High protein low carb diets

High protein, low carb diets can work for weight loss in the short-term, but they do have risks so it is important to weigh up the evidence before you decide if it’s a good option for you.

Do high protein, low carb diets work?

While weight gain usually occurs over many years, many of us want a quick-fix solution to trim down. This may be one of the reasons that high protein, low carb diets have become popular again - they can give fast results in the short-term. But is losing a few kilograms in the short-term worth damaging your health in the long-term?

What are high protein, low carb diets?

If you call it the Atkins Diet, South Beach Diet, Dukan Diet or Paleo – they are all very much the same. They tend to emphasise:

  • A high intake of animal proteins like red meat, chicken, fish and eggs;

  • Combined with a sharp reduction in carbohydrates including breads, rice, pastas, grains, legumes and fruits; and

  • In some cases, a high intake of fat is also encouraged, especially from nuts, seeds, extra virgin cold pressed olive oil, coconut oils, full-cream dairy products, butter and ghee.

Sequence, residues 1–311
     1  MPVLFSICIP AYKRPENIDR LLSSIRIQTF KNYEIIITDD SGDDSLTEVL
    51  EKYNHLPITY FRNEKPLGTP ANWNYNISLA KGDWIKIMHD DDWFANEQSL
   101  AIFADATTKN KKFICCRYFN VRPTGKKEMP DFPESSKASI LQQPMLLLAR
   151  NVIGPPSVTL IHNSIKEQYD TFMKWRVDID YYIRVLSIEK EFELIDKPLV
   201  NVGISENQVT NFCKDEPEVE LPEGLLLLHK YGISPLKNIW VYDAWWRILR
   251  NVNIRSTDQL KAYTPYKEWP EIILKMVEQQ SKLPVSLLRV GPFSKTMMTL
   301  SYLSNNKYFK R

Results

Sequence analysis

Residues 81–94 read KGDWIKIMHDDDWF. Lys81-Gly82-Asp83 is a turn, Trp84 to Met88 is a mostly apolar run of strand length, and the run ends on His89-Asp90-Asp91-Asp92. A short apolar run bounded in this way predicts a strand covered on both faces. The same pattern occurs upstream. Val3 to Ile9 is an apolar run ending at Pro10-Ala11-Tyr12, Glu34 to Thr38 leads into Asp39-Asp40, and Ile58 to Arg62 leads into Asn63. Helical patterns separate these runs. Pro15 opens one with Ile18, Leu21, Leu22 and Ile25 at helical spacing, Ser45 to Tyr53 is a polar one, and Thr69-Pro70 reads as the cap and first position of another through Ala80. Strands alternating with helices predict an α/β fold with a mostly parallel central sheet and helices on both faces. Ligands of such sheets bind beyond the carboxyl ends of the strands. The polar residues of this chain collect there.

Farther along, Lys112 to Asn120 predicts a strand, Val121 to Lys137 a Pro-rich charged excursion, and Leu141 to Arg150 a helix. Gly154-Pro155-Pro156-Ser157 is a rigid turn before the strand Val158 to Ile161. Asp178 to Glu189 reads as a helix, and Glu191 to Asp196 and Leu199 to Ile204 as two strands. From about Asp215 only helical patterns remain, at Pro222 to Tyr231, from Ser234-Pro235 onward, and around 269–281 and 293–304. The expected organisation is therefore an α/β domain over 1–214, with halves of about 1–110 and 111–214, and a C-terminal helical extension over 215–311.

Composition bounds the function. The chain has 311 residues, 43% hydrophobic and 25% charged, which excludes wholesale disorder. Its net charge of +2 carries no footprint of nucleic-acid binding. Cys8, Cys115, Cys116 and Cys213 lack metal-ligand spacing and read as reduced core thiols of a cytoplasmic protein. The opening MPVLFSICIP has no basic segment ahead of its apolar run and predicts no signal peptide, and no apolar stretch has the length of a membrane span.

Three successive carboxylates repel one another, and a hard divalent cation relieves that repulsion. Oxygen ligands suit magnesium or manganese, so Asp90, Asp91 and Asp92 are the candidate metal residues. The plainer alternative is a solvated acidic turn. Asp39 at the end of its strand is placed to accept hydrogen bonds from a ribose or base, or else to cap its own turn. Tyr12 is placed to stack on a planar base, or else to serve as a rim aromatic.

While high protein diets may be getting some things right by encouraging plenty of vegetables and advocating no refined foods; there are other parts that you may want to reconsider.

How do high protein, low carb diets work?

  • They cut out the bad carbs. One of the main reasons these diets work in the short term is that they avoid all high-energy, low-nutrient refined carbs like soft drinks, cakes, lollies, biscuits, hot chips and crisps. But this advice is not unique to high protein, low carb diets – it is a good idea for anyone wanting to lose weight and live a healthy lifestyle to reduce their intake of refined carbohydrates.

  • They cut out entire food groups. By cutting out any food groups (like wholegrains, legumes and dairy) you restrict your food choices and therefore eat less. This may seem advantageous, however, it can result in you missing out on important food nutrients!

  • They dampen your appetite. Proteins and fats tend to be more filling, as they can take more time to digest. However, don’t forget that wholegrain carbohydrates and legumes are very filling too because they’re packed with fibre, dampening your appetite so you do not crave as much food.